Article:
This study explores the internal structures and differentiation of neighbourhoods within Dhaka – one of the world’s fastest-growing megacities.

Using city – and neighbourhood-level analysis, it reveals the critical urban challenges that threaten the sustainability of the city as well as the health and education outcomes of its residents.

Key findings:
  • Dhaka has seen rapid and unregulated growth. In a context of weak urban policies on migration and growth management, poor application of development control regulations and limited planned interventions at the neighbourhood level, the city experienced average annual rates of urban growth for 1991–2019 of 43% in the outskirts and 8% within the city boundary.
  • The economic benefits of urbanisation are outweighed by the significant damage caused to the natural environment and ecosystem, pressures on food production, and declines in living standards and quality of life.
  • As a consequence of urban transformation and migration, Dhaka’s neighbourhoods host a more diverse mix of people in social, economic, religious and ethnic terms than any other city in Bangladesh. Unplanned neighbourhoods embrace this diversity.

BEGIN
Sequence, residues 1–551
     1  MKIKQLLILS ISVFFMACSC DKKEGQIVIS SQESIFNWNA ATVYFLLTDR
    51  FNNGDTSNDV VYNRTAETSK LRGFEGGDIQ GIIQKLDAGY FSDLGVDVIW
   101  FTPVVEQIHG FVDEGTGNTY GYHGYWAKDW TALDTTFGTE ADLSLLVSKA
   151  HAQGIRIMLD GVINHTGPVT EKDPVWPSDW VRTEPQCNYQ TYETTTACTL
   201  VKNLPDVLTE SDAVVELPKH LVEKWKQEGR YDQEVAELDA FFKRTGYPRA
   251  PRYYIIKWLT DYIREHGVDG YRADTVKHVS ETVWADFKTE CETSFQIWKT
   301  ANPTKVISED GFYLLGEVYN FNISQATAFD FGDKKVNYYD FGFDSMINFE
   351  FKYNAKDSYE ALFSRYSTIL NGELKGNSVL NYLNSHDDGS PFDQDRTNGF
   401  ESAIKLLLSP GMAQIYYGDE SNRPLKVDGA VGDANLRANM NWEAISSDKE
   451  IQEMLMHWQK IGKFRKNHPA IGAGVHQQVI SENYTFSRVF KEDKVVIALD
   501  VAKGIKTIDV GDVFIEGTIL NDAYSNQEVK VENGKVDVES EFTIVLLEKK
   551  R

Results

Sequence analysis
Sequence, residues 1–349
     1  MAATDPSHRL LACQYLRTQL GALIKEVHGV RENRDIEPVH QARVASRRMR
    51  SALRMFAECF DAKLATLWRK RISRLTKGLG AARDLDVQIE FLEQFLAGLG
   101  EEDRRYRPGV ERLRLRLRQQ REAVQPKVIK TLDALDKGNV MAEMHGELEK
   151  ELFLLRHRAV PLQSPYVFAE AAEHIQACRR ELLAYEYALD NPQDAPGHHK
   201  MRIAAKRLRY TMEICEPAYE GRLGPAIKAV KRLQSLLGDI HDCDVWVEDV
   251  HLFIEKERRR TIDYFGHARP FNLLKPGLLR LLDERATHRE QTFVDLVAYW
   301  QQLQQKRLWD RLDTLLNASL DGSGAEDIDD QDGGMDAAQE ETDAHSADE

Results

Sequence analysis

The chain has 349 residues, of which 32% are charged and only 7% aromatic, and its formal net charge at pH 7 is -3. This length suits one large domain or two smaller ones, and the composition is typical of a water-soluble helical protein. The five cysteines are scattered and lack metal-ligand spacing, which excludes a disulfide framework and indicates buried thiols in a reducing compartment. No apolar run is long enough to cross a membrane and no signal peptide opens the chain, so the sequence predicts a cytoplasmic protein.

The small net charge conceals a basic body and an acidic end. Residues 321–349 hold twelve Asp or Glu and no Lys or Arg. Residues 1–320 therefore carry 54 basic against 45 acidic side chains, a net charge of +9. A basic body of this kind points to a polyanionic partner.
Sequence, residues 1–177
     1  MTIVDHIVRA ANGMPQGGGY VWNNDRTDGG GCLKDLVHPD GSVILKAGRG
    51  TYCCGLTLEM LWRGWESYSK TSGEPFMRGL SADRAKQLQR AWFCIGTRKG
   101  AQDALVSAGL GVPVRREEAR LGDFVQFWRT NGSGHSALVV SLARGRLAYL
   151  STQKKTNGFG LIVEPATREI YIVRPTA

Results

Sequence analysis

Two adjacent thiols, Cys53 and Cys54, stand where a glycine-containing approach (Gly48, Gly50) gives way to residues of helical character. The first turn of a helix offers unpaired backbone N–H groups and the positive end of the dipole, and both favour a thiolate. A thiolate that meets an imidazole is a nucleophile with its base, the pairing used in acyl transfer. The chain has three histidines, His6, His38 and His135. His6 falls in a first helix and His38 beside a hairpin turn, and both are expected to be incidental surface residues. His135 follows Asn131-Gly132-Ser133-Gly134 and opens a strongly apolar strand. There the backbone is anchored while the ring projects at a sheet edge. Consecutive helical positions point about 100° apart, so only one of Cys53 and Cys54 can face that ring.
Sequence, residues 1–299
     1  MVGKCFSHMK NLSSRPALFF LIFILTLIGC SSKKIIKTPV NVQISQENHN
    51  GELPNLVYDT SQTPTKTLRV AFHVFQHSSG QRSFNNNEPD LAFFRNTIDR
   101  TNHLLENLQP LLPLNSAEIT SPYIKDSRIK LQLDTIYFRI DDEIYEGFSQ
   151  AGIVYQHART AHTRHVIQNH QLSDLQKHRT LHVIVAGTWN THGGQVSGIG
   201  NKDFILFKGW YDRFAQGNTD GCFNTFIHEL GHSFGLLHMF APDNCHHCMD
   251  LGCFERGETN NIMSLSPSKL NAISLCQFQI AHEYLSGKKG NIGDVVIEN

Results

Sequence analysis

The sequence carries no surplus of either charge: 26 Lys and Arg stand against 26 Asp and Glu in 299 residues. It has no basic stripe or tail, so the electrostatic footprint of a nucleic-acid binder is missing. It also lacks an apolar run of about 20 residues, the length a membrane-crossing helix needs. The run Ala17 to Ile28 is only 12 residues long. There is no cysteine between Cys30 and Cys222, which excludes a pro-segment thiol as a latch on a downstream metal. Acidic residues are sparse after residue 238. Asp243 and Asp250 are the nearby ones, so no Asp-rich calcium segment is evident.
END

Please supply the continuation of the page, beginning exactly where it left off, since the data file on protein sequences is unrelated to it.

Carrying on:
• But responsive urban planning policies and interventions are lacking, which has led to social segregation. The quality of urban infrastructures, services and amenities are disproportionately better in affluent neighbourhoods; middle – and lower-middle-income areas are mostly unplanned and suffer high-density living and inadequate, poor-quality and unaffordable healthcare and education facilities. The situation is worse still in low-income communities, slums and urban villages.
  • Emerging urban settlements suffer most from the crowded living environment, with narrow roads, no piped water supply and a poor sewerage system. These settlements represent future threats for the sustainability and effective urban management of the city.